#Elections2019: Labour take final Wicklow seat after two-day recount follows dead-heat

The final seat on Wicklow County Council has gone to the Labour Party after a dead-heat between the last two remaining candidates resulted in a two-day recount.

#Elections2019: Labour take final Wicklow seat after two-day recount follows dead-heat

The final seat on Wicklow County Council has gone to the Labour Party after a dead-heat between the last two remaining candidates resulted in a two-day recount.

Former TD Anne Ferris was formally declared the winning candidate early on Tuesday evening after gaining one extra vote to put her ahead of first-time Independent and former Fianna Fail member, Malachaí Duddy.

Following the declaration of the results, Mr Duddy spent some time consulting with his legal advisers before requesting a further recount but this request was denied by the returning officer. He now has the option of challenging that decision in the courts.

The two candidates in the Bray East local electoral area finished the original ninth count on Sunday night with 1006 votes each but a recheck of ballot papers turned up one extra previously uncounted vote for poll-topper Steven Matthews of the Green Party.

When the transfers were tracked through the revised counts, it was an extra vote from the surplus of Sinn Fein’s Grace McManus that eventually put Ms Ferris ahead in the eighth count.

Overall, the election result in Wicklow was a relieved Fine Gael, a happy Labour Party and a disappointed Sinn Fein and while there were no major upsets, the complexion of the council has changed in significant ways nonetheless.

Fine Gael gained one seat, bringing its total to nine, so at least the party can say its pre-election predictions of securing extra councillors were correct in some areas.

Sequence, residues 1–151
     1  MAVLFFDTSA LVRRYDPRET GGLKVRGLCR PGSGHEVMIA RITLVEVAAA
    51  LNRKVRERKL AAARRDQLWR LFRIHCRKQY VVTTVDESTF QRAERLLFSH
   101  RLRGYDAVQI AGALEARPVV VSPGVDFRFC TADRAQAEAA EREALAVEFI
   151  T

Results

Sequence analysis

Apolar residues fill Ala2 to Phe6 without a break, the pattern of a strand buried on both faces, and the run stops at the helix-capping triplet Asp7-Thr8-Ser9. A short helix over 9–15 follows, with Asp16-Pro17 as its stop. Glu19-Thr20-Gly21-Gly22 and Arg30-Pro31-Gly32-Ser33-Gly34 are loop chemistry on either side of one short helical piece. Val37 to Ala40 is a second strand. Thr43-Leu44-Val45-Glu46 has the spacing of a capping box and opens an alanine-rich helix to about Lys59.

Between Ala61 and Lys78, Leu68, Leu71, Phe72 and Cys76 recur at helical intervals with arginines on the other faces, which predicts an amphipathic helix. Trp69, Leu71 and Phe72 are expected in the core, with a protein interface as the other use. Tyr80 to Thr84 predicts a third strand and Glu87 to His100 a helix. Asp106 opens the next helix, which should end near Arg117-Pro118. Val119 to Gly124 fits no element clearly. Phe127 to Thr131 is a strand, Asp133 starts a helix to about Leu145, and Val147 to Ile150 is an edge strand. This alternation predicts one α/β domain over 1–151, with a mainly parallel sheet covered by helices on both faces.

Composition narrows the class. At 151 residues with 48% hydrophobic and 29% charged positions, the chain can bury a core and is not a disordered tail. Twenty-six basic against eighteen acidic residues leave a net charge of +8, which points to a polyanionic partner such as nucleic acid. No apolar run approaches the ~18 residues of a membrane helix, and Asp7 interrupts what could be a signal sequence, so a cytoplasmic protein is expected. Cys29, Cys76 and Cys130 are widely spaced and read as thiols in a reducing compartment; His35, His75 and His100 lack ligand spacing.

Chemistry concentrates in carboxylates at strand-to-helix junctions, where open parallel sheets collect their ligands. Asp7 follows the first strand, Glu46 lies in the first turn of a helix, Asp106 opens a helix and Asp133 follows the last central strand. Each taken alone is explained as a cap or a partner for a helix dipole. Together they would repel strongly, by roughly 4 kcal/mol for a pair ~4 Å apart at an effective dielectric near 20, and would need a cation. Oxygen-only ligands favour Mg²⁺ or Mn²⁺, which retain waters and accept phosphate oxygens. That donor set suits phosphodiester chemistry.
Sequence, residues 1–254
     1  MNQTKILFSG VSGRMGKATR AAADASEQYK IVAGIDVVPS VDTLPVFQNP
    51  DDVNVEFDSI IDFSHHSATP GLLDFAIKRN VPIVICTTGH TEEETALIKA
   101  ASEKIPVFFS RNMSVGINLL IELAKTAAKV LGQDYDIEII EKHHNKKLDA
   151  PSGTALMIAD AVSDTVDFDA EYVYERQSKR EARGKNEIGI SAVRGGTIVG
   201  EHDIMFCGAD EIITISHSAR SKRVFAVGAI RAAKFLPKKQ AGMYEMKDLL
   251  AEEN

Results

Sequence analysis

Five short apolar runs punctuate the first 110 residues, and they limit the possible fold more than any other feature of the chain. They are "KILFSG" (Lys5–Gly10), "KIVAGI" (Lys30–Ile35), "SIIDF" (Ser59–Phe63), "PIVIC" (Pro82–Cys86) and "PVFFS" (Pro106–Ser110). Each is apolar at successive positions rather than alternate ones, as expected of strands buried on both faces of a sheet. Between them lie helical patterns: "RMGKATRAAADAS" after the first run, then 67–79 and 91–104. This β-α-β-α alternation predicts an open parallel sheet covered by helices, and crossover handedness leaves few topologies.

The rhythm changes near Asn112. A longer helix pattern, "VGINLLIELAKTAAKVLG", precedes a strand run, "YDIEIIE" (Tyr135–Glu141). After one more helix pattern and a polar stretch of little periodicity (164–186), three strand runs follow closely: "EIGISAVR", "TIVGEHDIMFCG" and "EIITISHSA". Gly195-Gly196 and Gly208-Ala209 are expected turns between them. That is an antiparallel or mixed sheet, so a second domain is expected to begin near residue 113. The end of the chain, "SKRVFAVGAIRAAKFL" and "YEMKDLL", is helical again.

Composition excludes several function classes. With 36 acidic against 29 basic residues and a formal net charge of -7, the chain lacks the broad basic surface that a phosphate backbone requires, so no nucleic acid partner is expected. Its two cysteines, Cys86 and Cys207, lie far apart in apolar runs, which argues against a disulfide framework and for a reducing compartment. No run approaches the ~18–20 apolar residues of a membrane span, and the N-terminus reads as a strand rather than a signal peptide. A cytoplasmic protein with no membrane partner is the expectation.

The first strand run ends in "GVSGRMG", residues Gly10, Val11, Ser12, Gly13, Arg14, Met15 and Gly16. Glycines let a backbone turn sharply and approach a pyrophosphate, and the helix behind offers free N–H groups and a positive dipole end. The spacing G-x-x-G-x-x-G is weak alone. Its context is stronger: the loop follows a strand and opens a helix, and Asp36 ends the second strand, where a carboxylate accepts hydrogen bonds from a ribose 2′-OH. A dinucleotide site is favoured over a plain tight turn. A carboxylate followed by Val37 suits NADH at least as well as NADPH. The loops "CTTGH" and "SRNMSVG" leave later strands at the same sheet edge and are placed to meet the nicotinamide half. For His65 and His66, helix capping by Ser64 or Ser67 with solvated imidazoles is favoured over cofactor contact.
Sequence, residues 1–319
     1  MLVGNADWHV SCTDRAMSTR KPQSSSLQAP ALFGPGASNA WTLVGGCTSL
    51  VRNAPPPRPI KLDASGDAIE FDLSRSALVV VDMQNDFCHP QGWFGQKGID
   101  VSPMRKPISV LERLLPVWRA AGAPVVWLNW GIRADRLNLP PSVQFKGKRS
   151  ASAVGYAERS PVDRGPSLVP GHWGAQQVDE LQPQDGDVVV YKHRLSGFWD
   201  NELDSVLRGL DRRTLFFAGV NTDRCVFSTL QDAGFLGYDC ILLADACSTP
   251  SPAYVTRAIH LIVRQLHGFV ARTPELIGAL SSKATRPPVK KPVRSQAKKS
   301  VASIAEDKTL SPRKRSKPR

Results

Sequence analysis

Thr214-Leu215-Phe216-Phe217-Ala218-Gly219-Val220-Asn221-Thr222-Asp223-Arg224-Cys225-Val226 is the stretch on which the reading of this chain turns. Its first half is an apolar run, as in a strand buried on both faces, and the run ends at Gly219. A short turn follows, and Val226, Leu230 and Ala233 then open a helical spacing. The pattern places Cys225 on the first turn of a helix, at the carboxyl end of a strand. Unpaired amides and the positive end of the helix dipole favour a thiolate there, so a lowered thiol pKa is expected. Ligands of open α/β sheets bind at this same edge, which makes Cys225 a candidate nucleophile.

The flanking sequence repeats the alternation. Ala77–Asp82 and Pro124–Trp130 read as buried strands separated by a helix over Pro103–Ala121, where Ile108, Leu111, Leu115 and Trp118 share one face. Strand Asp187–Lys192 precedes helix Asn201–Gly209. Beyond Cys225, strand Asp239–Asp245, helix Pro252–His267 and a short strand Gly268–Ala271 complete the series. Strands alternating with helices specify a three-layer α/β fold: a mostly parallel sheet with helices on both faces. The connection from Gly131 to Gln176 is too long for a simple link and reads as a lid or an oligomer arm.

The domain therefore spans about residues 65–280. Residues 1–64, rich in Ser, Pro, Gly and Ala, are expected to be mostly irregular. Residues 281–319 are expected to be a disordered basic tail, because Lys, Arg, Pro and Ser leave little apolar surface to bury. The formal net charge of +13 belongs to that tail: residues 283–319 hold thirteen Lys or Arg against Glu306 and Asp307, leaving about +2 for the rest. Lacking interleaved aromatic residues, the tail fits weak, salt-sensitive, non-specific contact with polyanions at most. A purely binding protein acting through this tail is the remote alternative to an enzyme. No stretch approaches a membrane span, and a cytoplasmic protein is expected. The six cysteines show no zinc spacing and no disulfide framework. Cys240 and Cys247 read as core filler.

Labour secured two seats which, after the bruising 2014 elections when the party lost all six of its seats, constituted a major success.

The Green Party doubled its representation to two, in keeping with national trends, and the Social Democrats held on to their single seat while Fianna Fail also retained their seven.

Sinn Fein managed two - a long way short of the six they achieved in 2014 although the party has been riven by internal disputes and expelled three councillors in 2017, two of whom have held on to their seats as independents.

But while it is business as usual in that Fine Gael and Fianna Fail continue to dominate local government in the county, it is a younger and more diverse council that will be convening for the first time next month.

Previously, women held just seven of the 32 seats but they now occupy 12, including four in the previously all-male Bray wards and one in the all-male Baltinglass ward.

There are also more young councillors in Grace McManus, 27; Rory O'Connor, 20 and Avril Cronin, 29, and Ms McManus also makes a bit of local history by being the first openly gay public representative on the council.

The breakdown of seats is now: FG 9, FF 7, Green 2, Lab 2, SF 2, SocDem 1, Ind 9.

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